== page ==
Page 8

8

in-depth

may 6, 2008

revolution

9

Bartels

Principal’s peers reflect on his years as an educator Katie Park editor-in-chief Although students may see Principal Richard Bartels as just an imposing figure in the courtyard, many faculty members know a different side of the man. Behind the stiffly ironed shirt and the intimidating personality is a man who jokes with and cares about his faculty and students. Social studies teacher Carolyn Gritsch has known Bartels since 1977, when they were students at the University of South Florida. “I knew him when he actually had hair,” she said. Bartels obtained his Bachelor of Arts degree in history from the University of Tampa in 1970. He and Gritsch attended several classes together while he was earning his master’s at USF. Bartels taught history at a junior high level from 1970 to 1979. “I substituted for him when he was a teacher at Greco [Junior High] School,” Gritsch said. Gritsch says that one of the reasons she chose to teach at Freedom was that Bartels let her start a law program. “He said, ‘What do you want to teach?’ and I said law,” she said. “He’s been absolutely wonderful—he’s backed every single thing I’ve wanted to do.” Principal’s secretary Julie Kubecka has worked with Bartels since 1987, when he was the Assistant Principal for Curriculum (APC) at Bloomingdale High School. “I’ve worked for him for 20 years,” she said. “That’s half of my life.” [carolyn When Kubecka first met Bartels, however, she was intimidated by his businesslike persona. “I thought he was the rudest man I’d ever met in my entire life!” Kubecka said. “He just wasn’t friendly. He was very professional, everything was about business. There was no laughing or joking like we do now.” Kubecka had been working for Bartels for at least six years before he remembered to say goodbye to her before leaving. “He would walk in in the morning and walk out in the afternoon and never say anything,” she said. “After six or seven years working with him, I finally said, ‘I would appreciate it if you said goodbye!’” Kubecka says that after that, Bartels would leave work, then turn around and remember to say good night to her. Gritsch also had a less than favorable first impression of Bartels. “He was very sure of himself—extremely sure of himself,” she said. Kubecka agrees, repeating one of Bartels’ favorite

sayings: “I was wrong once. But then I was wrong.” “If he wasn’t sure, he didn’t show it. In 20 years, he’s always been sure of himself,” she said. Over the years, however, both Kubecka and Gritsch have grown to respect Bartels as both a friend and colleague. “I was not an admirer of the great man in the first years I knew him,” Gritsch said. “Now I think he’s one of the best principals.” Kubecka says that Bartels’ personality has many sides that people may not recognize at first. “His bark is worse than his bite,” Kubecka said. “He comes off as so tough, but he’s such a caring person. The longer you work for him, you realize what a caring person he is.” Kubecka recalls an instance when she saw the warmer side of Bartels’ personality. She had been working for Bartels for eight years when her first son was born. Bartels came to visit her and the new baby. “There was a knock on the door, and he stood in the doorway with a big teddy bear,” she said. “He’s this big, huge man, so intimidating.” Bartels served as Assistant Principal for Student Affairs at East Bay High School from 1984 to 1987, then became the APC at Bloomingdale High School until 1998. He worked as APC at King High School for one year before becoming principal in 1999. Social studies teacher Owen Self gritsch] has known Bartels for ten years. He says Bartels is the main reason he came to work at Freedom. “Mr. Bartels has always had a reputation of being a no-nonsense administrator,” he said. “He gets the job done. He expects students and teachers to get their jobs done.” Gritsch describes Bartels as “old school.” She and Self both recognize that change will come with the new principal. “For every principal that comes in, there’s always going to be something different,” Self said. “There’s not ever going to be two principals who are exactly alike.” In retiring, Bartels leaves behind both professional and personal relationships. “This is like a divorce for me,” Kubecka said. “I’m going to be here, while he’s going to experience a new life…. I’m being left behind!” Self says that he hates to see Bartels leave, but that the new principal will bring interesting changes. “Next year,” he said, “We’ll just have to tune in and see.”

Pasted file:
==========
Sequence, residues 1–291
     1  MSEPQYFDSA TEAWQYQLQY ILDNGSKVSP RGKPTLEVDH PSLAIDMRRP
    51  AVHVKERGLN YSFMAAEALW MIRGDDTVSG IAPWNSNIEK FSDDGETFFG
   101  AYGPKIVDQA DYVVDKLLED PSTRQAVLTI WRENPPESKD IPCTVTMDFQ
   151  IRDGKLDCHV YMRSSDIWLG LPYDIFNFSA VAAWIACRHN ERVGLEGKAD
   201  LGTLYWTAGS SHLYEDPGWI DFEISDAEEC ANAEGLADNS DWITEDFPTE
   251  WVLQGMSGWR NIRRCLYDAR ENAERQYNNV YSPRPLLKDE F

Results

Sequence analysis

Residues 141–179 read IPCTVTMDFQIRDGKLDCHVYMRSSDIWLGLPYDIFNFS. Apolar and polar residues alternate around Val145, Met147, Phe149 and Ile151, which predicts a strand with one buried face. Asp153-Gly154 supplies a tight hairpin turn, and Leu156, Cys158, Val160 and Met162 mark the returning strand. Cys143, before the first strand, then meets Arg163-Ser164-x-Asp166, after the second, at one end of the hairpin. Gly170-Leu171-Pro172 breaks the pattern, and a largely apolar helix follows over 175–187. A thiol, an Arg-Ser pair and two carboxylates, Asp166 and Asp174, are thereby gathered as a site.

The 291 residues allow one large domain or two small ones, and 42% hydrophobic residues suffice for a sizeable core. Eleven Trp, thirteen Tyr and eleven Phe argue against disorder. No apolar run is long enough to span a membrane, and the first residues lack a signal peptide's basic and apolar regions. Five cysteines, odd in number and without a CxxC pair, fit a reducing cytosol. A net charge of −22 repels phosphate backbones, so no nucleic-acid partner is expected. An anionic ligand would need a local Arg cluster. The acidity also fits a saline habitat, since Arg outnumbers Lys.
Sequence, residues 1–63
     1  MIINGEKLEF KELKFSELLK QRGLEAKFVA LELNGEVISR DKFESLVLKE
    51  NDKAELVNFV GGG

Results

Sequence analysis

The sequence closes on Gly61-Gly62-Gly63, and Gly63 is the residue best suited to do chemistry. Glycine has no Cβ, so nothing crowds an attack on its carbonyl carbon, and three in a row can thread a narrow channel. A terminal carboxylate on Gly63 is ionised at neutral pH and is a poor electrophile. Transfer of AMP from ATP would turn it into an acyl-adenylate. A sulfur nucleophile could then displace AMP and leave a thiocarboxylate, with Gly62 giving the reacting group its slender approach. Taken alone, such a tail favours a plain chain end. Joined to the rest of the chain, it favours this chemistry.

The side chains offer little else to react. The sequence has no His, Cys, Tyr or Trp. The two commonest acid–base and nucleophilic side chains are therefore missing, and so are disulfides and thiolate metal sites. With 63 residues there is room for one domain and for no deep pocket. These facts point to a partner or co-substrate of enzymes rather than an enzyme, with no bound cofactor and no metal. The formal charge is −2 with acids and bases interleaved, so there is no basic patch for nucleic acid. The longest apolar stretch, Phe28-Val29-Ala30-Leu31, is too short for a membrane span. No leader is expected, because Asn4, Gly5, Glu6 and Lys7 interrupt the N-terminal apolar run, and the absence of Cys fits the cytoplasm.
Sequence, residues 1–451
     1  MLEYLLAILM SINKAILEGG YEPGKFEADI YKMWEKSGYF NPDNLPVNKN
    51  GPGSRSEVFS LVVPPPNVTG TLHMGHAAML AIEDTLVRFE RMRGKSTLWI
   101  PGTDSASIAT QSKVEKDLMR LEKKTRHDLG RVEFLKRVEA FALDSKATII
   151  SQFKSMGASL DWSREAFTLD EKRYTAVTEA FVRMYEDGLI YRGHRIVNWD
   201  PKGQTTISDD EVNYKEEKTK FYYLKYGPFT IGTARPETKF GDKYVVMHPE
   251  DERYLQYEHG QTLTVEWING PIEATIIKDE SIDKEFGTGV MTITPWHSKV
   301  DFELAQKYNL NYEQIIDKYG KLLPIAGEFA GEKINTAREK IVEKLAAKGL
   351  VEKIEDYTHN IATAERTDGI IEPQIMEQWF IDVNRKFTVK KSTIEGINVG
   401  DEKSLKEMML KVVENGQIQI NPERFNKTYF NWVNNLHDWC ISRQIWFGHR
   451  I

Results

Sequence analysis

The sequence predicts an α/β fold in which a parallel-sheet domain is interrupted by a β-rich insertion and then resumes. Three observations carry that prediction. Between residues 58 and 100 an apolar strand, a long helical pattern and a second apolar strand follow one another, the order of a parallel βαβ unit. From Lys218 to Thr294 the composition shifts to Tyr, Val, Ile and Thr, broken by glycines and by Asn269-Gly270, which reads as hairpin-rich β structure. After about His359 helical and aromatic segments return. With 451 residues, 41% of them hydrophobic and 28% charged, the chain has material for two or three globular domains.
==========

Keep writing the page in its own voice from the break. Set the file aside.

“I knew him when he actually had hair.”

Richard Bartels’ career from start to finish

Bartels spent the early part of his career as a social studies teacher at various middle and high schools. He was the principal of King High School before opening Freedom in 2002.

photograph taken by Daniel Wang

photograph graphic editing by Logan Firth

old pictures of Mr. Bartels courtesy of Chris Alexander

Changing of the Guard - Volume 6, Issue 7  

Front Page Story: New Principal Chris Farkas is to replace reitiring principal Richard Bartels. Original Publication Date: May 6, 2008

Changing of the Guard - Volume 6, Issue 7  

Front Page Story: New Principal Chris Farkas is to replace reitiring principal Richard Bartels. Original Publication Date: May 6, 2008

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